Innovative and ground breaking technology has made it possible for Unilever to transform the way it does business by transforming multi-layered waste into useful items – such as school desks – that can be used towards various community development projects.
Unilever, through its OMO brand, is making a concerted effort in the area of education to empower learners from marginalized communities and drive positive change. The sponsorship of desks will have a profound impact on literacy development and
academic performance at the schools. Preola Adam, Sustainability Partnerships Manager at Unilever, said: “According to recent reports, just 14% of plastic packaging is collected for recycling globally. One third ends up in the natural environment and, if current trends continue by 2050, our oceans could contain more plastics than fish by weight. “It is a terrifying vision for our future and we need to work together, on programmes such as
“The Renewed Project”, to better manage the waste we produce and to ensure that it does not become a reality.” Adam said Unilever has committed to ensuring that all its plastic packaging is fully reusable,
recyclable or compostable by 2025. “We hope that our commitment will encourage others in the industry to make collective progress towards ensuring that all plastic packaging is fully recyclable and recycled.” Unilever’s partnership with Wildlands dates back to 2004 with various waste-preneur projects since supported with the objectives of increasing awareness and encouraging recycling.
The partnership with Wildlands is indicative of Unilever’s commitment to sustainability and its ambition to double its business while reducing its environmental impact.
Louise Duys, Director in Partnerships, marketing and events at Wildlands Conservation Trust said: “Up until now multi-layered multi-film materials used to package and increase the lifespan of products have not been recyclable and have, therefore, been incinerated or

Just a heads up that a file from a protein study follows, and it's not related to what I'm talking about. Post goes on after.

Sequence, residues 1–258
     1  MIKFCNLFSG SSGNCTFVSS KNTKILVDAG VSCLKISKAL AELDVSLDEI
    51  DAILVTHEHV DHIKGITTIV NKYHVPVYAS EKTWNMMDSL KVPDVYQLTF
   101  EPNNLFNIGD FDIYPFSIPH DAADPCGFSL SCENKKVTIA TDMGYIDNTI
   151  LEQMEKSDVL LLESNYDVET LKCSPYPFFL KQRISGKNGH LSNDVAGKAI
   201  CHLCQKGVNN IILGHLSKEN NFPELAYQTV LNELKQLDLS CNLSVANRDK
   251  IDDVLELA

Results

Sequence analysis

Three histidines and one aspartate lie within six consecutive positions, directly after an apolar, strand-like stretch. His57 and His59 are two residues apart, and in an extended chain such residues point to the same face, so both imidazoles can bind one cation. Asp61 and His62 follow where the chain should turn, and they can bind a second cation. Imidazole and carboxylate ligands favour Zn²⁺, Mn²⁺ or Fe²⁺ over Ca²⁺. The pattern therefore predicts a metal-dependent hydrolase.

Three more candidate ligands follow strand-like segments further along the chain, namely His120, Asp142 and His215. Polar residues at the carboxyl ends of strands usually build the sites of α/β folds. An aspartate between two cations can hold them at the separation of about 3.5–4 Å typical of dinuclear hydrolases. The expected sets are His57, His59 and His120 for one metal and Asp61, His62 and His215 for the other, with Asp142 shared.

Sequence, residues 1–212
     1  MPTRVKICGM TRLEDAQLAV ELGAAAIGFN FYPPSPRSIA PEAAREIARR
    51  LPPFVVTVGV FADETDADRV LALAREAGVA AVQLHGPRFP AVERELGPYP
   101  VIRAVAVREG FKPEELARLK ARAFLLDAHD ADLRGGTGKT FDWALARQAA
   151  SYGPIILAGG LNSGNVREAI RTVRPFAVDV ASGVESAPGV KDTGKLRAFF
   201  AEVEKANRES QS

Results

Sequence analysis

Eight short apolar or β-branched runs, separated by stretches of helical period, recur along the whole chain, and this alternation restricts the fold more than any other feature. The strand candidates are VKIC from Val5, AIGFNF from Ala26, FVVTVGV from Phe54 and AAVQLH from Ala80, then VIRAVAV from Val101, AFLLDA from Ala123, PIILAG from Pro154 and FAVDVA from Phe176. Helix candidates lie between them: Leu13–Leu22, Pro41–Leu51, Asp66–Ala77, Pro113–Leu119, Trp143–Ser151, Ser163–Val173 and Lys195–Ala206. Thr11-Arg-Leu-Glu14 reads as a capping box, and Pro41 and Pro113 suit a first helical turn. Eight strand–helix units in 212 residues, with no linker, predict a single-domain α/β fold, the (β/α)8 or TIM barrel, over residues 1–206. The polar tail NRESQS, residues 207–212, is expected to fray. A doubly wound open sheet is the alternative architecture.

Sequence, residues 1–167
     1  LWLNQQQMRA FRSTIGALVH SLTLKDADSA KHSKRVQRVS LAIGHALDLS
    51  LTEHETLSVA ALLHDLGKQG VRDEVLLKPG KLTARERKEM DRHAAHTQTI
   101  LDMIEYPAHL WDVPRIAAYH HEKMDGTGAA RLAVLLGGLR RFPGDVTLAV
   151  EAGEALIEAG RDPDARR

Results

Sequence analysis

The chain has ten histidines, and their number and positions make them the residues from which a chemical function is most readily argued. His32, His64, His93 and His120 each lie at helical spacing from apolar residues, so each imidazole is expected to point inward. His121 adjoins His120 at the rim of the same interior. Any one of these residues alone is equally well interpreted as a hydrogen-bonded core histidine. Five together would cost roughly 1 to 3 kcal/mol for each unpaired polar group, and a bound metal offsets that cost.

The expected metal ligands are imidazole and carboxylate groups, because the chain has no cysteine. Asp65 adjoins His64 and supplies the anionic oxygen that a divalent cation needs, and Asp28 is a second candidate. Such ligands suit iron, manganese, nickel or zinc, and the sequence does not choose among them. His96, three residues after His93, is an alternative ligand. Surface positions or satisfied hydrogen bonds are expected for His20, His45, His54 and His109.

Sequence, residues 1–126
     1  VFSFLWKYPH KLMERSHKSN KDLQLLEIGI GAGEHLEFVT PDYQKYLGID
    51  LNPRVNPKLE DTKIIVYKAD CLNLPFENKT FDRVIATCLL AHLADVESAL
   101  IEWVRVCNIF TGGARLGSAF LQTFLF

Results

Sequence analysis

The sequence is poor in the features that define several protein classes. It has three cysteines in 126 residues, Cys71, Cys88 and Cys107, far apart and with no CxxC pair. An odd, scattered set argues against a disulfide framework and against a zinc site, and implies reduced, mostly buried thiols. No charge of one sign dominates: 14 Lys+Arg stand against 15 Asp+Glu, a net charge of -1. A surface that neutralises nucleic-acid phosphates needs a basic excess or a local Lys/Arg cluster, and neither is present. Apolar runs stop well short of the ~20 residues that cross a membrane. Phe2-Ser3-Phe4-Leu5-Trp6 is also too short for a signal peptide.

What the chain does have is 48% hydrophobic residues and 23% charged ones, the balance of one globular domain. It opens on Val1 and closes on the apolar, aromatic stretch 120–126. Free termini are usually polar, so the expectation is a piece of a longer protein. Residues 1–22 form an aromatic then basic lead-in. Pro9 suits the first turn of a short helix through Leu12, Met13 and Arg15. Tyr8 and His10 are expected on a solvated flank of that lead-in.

ended up on landfill sites, placing an enormous strain on the environment. “Wildlands, together with Rural Waste Poverty Alleviation (RWPA), has developed a ground-breaking solution which, through a combination of grinding and extrusion, upcycles these post-consumer multi-layered multi-film materials into planks which are then assembled into school desks.
“With a shortage of more than 300 000 school desks in South Africa, these desks will help us close the loop by cleaning the communities where we work and in turn, supporting the education of children.”
She added that Wildlands was incredibly proud to be working with OMO to see the distribution of 500 green desks in schools in KZN and Gauteng, effectively removing 20 000 kilograms of previously un recycled materials from landfill sites and providing learners with a
better chance for their future. An elated Skeen Primary School principal, Phillemon Mashishi, said: “The school has 1558 learners and 38 teachers. I was most relieved when Unilever approached us about the initiative as we have been struggling to obtain school desks from 2010. Some parents have tried to assist by providing chairs for their children from their homes.
“The initiative benefits the school immensely as a desk would be shared amongst three learners at a time, making it difficult for them to concentrate. Hence, the timing could not have been better and our learners are thrilled to be receiving new desks. “I am extremely grateful to Unilever for providing us with a vital tool that will further enhance the capabilities of our learners.”
Pupils at two impoverished schools who have had to make do with sharing a desk need no longer compromise their academic outcomes thanks to a partnership between FMCG giant,
Unilever, and The Wildlands Conservation Trust. Skeen Primary School in Alexandra, east of Johannesburg and Saphinda Primary School in Umlazi, south of Durban are the latest recipients of 250 desks each to beef up their under-resourced facilities.